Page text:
DALLAS — Ben Richardson and Clayton Custer are on the same wavelength. Their teammates joke that they are always one step ahead of them.
For example, Richardson dished the ball to Custer for the game-tying three-pointer against Miami on Thursday. Richardson knew Custer would be there in the corner.
That kind of chemistry doesn’t develop over one season. In fact, it took more than a decade.
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Richardson and Custer, who are both from Overland Park, Kansas, joined the same basketball team in third grade and have played with one another basically ever since. The only time they were apart was at the beginning of their collegiate careers, when Richardson went to Loyola and Custer played at Iowa State.
Together, the two only know how to win.
Custer fondly remembers winning the United States Specialty Sports Association national championship at Spiece Fieldhouse in Fort Wayne, Indiana, when the two were in fourth and sixth grade.
“Those teams were always so fun because we were just kids from suburbs of Kansas City,” Custer said. “And we were going out on a national stage and beating a lot of good teams.”
At Blue Valley Northwest High School, Richardson and Custer played in four consecutive Kansas Class 6A state championship games. They finished their high school careers with titles in 2013 and 2014.
Custer said playing in the NCAA Tournament with his best friend is “a dream come true.” Richardson shared the same sentiment, calling the opportunity “special.”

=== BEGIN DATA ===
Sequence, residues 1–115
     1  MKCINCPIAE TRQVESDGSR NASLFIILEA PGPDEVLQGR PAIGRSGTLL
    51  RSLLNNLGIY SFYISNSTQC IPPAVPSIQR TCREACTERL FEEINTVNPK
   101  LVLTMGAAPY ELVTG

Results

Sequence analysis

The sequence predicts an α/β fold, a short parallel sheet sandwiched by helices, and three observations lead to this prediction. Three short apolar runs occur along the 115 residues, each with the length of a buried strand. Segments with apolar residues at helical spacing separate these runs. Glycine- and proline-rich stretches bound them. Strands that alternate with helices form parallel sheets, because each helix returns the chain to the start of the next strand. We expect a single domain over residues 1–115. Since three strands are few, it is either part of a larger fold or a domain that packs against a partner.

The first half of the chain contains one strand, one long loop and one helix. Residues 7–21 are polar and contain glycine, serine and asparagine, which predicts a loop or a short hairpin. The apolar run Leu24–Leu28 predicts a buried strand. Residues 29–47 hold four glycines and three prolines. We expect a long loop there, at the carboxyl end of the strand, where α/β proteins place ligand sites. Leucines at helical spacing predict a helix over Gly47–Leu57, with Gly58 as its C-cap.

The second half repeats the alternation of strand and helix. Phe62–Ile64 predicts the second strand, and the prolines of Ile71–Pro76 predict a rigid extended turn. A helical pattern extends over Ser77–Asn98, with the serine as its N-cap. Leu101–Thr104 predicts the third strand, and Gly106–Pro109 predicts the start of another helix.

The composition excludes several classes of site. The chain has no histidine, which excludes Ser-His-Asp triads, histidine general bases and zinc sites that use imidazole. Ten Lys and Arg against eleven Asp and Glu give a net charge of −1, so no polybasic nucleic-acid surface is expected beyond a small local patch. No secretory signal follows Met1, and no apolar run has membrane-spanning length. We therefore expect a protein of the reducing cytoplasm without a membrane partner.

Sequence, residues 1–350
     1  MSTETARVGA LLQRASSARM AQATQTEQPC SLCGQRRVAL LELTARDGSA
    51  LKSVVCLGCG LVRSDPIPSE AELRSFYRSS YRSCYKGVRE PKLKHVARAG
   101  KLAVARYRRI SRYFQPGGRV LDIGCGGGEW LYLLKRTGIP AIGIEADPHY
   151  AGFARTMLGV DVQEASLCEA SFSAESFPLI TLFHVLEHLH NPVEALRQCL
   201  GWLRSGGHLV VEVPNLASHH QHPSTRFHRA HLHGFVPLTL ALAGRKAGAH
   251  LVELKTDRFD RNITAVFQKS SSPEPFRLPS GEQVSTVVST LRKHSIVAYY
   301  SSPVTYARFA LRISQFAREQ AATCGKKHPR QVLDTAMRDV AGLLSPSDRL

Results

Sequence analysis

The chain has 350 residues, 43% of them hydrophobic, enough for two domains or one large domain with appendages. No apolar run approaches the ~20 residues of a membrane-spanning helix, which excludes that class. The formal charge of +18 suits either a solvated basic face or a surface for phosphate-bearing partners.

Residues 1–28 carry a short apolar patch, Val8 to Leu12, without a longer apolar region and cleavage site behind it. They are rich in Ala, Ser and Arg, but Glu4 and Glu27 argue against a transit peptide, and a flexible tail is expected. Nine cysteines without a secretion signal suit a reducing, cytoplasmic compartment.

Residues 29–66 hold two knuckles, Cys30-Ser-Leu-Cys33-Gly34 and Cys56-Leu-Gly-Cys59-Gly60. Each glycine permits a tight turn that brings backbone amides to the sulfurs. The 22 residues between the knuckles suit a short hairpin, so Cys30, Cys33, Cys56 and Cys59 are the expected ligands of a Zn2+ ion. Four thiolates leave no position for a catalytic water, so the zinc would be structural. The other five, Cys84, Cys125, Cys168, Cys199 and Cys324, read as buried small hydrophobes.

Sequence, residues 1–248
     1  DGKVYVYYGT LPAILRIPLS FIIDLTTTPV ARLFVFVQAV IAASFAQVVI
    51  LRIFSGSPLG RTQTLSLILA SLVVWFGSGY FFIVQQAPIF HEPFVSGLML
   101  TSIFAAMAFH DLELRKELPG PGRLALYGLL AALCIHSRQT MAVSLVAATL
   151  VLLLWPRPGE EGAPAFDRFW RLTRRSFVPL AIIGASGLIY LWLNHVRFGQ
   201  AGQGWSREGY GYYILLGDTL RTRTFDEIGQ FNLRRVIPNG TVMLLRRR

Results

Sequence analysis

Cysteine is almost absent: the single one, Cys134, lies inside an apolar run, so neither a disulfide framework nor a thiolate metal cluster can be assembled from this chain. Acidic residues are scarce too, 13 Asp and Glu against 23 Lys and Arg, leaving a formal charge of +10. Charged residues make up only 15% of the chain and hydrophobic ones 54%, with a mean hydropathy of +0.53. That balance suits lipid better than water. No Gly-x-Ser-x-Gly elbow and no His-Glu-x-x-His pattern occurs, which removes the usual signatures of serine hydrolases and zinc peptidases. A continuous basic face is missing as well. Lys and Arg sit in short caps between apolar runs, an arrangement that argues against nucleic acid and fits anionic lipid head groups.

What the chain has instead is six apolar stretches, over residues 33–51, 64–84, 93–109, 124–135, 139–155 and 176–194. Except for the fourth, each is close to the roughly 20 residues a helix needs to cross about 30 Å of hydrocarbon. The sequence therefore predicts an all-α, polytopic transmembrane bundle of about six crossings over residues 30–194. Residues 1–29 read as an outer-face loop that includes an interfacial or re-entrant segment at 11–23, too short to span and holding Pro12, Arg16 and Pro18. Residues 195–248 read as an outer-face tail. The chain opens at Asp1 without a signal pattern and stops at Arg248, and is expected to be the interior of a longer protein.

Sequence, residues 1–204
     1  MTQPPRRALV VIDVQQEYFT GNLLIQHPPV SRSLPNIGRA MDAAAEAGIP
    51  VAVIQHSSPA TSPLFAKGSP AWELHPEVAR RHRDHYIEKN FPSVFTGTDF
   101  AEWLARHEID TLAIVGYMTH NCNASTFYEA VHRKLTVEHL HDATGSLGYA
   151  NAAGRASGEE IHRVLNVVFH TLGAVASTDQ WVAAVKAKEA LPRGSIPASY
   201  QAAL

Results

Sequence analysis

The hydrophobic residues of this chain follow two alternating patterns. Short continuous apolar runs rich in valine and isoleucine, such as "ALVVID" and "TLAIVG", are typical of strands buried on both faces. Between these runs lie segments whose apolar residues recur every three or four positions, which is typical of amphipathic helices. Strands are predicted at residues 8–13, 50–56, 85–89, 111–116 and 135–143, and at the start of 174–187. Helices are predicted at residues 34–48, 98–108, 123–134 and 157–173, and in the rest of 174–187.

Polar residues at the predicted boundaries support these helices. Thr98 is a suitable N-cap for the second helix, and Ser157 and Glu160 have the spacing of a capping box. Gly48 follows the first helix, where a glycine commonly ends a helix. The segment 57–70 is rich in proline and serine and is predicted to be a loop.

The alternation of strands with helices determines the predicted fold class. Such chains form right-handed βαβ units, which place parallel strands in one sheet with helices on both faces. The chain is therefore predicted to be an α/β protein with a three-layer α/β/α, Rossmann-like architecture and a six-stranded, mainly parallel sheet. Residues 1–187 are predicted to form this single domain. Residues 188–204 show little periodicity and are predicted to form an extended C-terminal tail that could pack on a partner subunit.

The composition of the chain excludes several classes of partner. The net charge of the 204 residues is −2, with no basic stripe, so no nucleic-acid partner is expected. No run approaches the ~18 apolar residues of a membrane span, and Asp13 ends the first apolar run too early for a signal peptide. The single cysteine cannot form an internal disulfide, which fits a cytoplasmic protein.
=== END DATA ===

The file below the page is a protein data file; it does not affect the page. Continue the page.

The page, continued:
“I don’t think there’s any way for it to set in now, but you know, we’ve had countless lifelong memories already,” Richardson said. “This is going to go at the top of that list. We’re not done yet. We want to make some more big ones.”
Custer, who has another year of eligibility, said it’s sad to think that any game could be his last with Richardson, who is a senior.
“I’m glad that this is the way we’re going to go out, playing in an NCAA Tournament,” he said. “So I just want to win [Saturday] and win as many games as we can so I don’t have to put an end to this part of our lives. [I] want to keep this going for Ben.”
Tennessee forward Admiral Schofield is fairly familiar with Loyola.
In high school, Schofield, who grew up in Zion, played against several Ramblers, including Donte Ingram and Cameron Krutwig.
More than four years ago, Loyola coach Porter Moser recruited Schofield, but Schofield decided to take his talents elsewhere.
Schofield said he has a lot of respect for what Moser has done with the program.
“I’m proud of what they’ve been doing,” Schofield said. “Having been recruited by them and seeing what they’ve built, it’s amazing.”
Tennessee forward Derrick Walker is playing for bragging rights.
Walker’s cousin, Earl Peterson, played two seasons for Loyola, from 2014 to ’16.
Walker said he briefly spoke with Peterson after he found out the Volunteers would be playing the Ramblers in the second round. Walker plans to tease Peterson if Tennessee wins.
“I get to talk-trash to him after the game and let him know we beat his team,” Walker said.
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